“Pharmacognosy” derives from two Greek words, “pharmakon” or drug, and “gnosis” or knowledge. Like many contemporary fields of science, Pharmacognosy has undergone significant change in recent years and today represents a highly interdisciplinary science that is one of five major areas of pharmaceutical education.
Pharmacognosy is the study of natural product molecules (typically secondary metabolites) that are useful for their medicinal, ecological, gustatory, or other functional properties. The natural species that are the source of the compounds under study span all biological kingdoms, most notably marine invertebrates, plants, fungi, and bacteria. The field of pharmacognosy is ever-changing and is constantly being refreshed by input from new scientific fields and technologies as they are developed. This is one reason why studying pharmacognosy is a good choice for those who like to work at the interface of many different, but complementary, areas of science that relate to the natural world.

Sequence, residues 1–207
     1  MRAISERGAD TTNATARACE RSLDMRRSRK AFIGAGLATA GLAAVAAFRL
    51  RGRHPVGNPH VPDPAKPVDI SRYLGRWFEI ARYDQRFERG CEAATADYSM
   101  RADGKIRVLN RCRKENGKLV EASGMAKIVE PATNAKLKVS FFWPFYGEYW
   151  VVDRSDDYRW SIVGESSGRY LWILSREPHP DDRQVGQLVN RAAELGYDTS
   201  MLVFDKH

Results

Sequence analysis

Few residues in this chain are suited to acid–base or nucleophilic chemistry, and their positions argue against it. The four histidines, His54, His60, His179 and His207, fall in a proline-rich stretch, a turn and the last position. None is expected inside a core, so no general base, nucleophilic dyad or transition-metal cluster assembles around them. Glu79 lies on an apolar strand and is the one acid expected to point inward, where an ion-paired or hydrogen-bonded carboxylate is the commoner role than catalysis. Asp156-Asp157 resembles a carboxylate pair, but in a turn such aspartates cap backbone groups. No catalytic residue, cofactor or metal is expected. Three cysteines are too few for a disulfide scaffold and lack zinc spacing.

Pharmacognosists are trained in many disciplines and tend to have a solid core of training in chemistry, with an understanding of the physical and chemical properties of the compounds that occur in nature, in order to be able to isolate, identify, characterize, and utilize them for specific purposes. Pharmacognosists also have experience in the following areas, depending on their choice of specialization: analytical chemistry; biochemistry; botany; crystallography; ethnobotany; ethnomedicine; fermentation processes; food, flavor or aroma chemistry; herbal medicine; immunology; medicinal chemistry; microbiology; microscopy; molecular biology; organic chemistry; pharmaceutical sciences; pharmacology; regulatory affairs; taxonomy; and toxicology, among many others.
© American Society of Pharmacognosy, 2016
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